Words have power. Words influence. Subvert. Radicalise. But what if that was just scratching the surface? What if the right word could hack the source code of your brain …and what if it fell into the wrong hands?
Patrick Edwards is a Bristol-based author of speculative fiction. I leapt at the opportunity to ask him a few questions (spoiler-free) to celebrate the release of his new novel Echo Cycle – and what a charming bloke he is!
A sportsman dying on the field wouldn’t usually be a case for the FBI. But Duane Chapman is a Haden, and the body being ripped apart in the Hilketa match is a threep. So what went wrong? And was it an accident?
We’ve had a month of furiously reading 2019 releases we’d missed out on, agonising over shortlists, swearing about eligibility and generally testing the waters for incipient chaos. And now it’s time: here are the 2020 nominees for the Subjective Chaos Kind of Awards!
Carey is a medical care android. The interaction of its programmed empathy and its ability to emulate human responses are unique. But where is the line between software and love?
I’m delighted to announce that the Subjective Chaos Kind of Awards are back for 2020 – as subjective as ever and even more chaotic.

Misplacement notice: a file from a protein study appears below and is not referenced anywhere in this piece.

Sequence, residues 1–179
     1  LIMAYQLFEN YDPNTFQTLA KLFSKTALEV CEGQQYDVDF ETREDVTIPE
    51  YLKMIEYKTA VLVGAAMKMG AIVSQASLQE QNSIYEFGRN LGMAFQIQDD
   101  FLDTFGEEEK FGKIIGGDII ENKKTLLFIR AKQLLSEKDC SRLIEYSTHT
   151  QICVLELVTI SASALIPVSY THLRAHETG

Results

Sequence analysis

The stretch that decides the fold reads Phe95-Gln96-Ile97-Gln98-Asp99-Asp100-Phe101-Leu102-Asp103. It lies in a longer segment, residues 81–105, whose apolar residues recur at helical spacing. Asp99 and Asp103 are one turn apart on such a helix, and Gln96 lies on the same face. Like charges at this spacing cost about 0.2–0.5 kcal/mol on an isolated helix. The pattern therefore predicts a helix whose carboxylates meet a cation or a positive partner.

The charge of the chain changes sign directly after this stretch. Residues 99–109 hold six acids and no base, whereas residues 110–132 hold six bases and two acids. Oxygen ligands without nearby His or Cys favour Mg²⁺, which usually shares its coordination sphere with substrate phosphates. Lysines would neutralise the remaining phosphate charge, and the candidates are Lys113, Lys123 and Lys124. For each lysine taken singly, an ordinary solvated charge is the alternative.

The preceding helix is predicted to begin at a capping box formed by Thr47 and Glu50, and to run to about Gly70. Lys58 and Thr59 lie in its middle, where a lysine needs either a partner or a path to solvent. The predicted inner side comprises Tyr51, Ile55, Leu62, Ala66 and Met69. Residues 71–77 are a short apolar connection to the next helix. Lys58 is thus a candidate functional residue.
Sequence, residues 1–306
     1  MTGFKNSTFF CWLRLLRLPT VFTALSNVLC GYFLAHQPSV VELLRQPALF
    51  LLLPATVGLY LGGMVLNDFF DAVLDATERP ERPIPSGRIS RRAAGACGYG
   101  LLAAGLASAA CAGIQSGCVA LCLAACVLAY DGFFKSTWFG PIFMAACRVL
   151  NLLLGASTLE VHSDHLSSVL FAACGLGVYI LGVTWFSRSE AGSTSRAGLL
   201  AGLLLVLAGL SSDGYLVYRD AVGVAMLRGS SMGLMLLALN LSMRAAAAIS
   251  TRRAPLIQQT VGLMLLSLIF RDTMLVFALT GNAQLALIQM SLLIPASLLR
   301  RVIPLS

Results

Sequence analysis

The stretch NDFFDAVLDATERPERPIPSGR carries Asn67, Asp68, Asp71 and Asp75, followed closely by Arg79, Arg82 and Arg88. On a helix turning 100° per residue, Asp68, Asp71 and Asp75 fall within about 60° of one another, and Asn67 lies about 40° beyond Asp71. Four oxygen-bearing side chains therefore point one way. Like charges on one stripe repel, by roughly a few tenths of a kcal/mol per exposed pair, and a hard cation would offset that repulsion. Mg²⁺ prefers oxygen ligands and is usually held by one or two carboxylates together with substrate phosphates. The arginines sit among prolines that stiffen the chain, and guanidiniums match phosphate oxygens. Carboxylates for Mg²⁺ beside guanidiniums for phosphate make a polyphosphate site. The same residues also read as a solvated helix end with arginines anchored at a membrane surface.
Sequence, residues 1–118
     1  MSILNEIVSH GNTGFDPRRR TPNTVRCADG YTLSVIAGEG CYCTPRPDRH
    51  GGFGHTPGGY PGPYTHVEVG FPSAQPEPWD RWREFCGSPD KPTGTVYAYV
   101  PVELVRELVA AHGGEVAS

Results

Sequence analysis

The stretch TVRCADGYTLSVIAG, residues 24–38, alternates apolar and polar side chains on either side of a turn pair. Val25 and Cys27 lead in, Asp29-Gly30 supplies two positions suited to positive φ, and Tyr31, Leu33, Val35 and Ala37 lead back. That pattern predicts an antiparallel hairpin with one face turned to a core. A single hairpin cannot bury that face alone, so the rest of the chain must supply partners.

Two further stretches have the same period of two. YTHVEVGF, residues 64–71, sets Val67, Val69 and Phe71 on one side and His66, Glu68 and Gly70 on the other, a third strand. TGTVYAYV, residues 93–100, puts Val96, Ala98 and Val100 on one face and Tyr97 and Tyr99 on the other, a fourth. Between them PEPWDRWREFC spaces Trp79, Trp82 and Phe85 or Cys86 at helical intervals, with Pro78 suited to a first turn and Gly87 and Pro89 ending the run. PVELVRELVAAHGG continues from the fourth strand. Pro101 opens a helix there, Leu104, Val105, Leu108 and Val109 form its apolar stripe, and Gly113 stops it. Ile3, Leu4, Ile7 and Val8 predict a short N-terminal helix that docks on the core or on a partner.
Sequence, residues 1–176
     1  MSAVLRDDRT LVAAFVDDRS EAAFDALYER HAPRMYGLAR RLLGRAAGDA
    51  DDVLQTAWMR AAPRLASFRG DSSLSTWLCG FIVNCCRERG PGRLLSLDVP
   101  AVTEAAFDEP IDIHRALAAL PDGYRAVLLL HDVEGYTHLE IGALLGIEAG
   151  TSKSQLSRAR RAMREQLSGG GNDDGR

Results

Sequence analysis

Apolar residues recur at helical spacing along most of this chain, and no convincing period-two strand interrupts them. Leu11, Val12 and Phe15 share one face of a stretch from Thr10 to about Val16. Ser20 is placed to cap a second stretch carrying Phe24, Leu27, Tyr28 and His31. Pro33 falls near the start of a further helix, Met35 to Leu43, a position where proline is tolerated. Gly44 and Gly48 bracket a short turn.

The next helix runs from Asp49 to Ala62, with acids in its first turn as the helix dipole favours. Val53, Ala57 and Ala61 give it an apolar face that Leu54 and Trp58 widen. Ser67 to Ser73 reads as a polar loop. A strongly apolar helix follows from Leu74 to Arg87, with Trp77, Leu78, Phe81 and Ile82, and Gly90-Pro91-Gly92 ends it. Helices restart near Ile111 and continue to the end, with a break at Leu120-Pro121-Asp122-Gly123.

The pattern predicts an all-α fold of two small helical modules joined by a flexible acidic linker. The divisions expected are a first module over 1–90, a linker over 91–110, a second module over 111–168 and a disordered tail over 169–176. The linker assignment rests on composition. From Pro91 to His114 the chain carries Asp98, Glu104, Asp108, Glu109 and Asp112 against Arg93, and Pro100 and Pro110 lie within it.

Another exhilarating year of Subjective Chaos has come to an end: in amongst the many events at Dublincon, we announced our 2019 winners – and celebrated as our 2019 Fantasy winner took home the Campbell for Best New Writer (don’t say we didn’t tell you). Enormous congratulations to Jeannette Ng!
We’ve had six long months of reading our way through our 5 categories and 36 nominees. We have bluntly shared our first impressions (privately, thank you) and subjectively picked our individual favourites. But who has made our final selection?
Back in January, an opinionated collective of bloggers and book lovers announced our shortlist for this year’s Subjective Chaos Kind of Awards. Six months later, where have we got to?
Let’s kick off a new week with some news: I’m delighted to be taking part in the cover reveal for a new political tech thriller from sword-swinging physicist and financier Stewart Hotston…
An elite group of the rich and unpleasant have been invited to remote Blackheath House for a party. But their hostess has an ulterior motive – and so do some of the guests. Some will die. Some will lie. And one will re-live the day until he figures out what’s going on…
It’s that time: announcing the 2019 nominees for the Subjective Chaos Kind of Awards!
Cue: drum roll
At the end of 2017, C of The Middle Shelf proposed a new set of informal awards: nominated, debated and awarded by a group of bookworms. We embraced chaos as our guiding principle, and we had so much fun we’re back for more. Welcome to the Subjective Chaos Kind of Awards 2019.
Davy Higgins is the most wanted boy in Oxfordshire. The women of Wycombe don’t know why their leader needs him, but they’ll stop at nothing to bring him in. Father John’s men want to thwart Wycombe on principle. And Guz don’t want anyone else gaining an advantage. If only Davy knew what made him special…
This year saw lots of travelling and some intense deadlines that got in the way of me writing reviews in a timely fashion for everything I read. Still, it’s never too late for a quick look back at the ones that got away!